Instinct & Metaphor
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Division: Parsons The New School for Design
School: School of Art, Media and Technology
Course Number: PUPH 2545
Course Format: Seminar
Location: NYC campus
Permission Required: No
- Art History, Theory & Criticism
- Visual Arts
Most photographs, whether student, fine art, or professional, are made by the traditional, classic art concept, a previsualization, and execute that vision with taste and elegance in some medium. The goal is total control. In this century, artists in almost every medium have disputed this approach: John Cage in music, the Surrealists and Dadaists with automatic writing and chance juxtapositions. William Burrough’s notebooks, Jackson Pollock’s dribbles. In photography, the box camera originally had no viewfinder, which made total control impossible. Inspired by their inventive compositions, photographers using its successors, 35mm cameras, have successfully explored this new approach and some of their discoveries were adapted by their view camera brethren. In their theoretical remarks, such photographers will say the proper state of mind is to be as blank as the piece of film or as open to discovering images as the lens, which makes pictures all the time. The photographer chooses which ones to preserve on film. This method introduces chance, spontaneity and time into the visual media in a new way. And these have often led to metaphor, as in Stieglitz’s equivalents. This class will study such spontaneous photographers as they have worked in fine arts and commercial photography. But primarily it will aim at producing photographs by this method.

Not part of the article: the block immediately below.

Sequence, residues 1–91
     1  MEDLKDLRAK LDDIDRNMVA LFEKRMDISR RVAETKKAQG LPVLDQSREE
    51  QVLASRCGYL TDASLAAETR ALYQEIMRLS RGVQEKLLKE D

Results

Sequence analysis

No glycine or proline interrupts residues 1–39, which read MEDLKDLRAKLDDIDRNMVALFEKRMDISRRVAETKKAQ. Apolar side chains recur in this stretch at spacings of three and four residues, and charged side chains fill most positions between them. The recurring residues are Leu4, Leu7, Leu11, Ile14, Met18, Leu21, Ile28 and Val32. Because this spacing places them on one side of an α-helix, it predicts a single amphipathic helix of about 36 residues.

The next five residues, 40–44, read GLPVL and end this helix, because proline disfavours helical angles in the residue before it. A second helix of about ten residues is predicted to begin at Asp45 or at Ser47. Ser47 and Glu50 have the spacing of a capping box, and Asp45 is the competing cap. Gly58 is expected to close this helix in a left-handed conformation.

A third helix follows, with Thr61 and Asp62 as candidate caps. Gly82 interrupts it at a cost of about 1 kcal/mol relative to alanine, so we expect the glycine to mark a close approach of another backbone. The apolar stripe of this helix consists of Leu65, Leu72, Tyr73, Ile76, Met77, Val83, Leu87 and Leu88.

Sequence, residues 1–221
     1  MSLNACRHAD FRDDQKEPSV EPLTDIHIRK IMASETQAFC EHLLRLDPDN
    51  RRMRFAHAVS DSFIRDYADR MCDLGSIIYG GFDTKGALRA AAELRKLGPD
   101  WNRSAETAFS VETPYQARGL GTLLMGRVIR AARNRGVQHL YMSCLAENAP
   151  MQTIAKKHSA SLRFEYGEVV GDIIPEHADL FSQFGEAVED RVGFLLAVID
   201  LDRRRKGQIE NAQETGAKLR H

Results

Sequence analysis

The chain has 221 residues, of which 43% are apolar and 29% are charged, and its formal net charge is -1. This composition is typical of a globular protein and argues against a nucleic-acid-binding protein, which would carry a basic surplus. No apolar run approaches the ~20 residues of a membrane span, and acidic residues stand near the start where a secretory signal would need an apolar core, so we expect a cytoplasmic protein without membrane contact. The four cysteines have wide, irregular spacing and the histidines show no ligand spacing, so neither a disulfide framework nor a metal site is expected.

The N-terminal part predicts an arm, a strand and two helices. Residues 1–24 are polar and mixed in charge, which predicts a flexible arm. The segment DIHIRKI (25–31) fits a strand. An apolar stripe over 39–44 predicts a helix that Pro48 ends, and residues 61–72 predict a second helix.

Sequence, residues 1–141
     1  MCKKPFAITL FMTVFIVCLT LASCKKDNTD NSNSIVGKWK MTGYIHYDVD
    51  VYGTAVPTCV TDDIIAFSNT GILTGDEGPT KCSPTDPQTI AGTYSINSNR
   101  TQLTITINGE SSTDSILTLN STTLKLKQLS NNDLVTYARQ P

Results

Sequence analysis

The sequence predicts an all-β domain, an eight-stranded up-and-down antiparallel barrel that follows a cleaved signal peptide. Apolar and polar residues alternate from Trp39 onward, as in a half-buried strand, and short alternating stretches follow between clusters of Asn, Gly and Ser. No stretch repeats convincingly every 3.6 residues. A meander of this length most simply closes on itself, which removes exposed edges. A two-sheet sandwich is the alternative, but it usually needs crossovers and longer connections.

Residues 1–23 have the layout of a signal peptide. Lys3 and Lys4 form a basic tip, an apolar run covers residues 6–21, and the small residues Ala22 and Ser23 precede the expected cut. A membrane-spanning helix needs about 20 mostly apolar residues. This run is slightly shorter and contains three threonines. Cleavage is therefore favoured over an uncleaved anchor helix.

Course Open to: Degree Students
Open to: All university undergraduate degree students. Pre-requisite(s): PUPH 1011 Freshman Seminar 2 or PSAM 1051 Photography 2.
Open to Undergraduate students.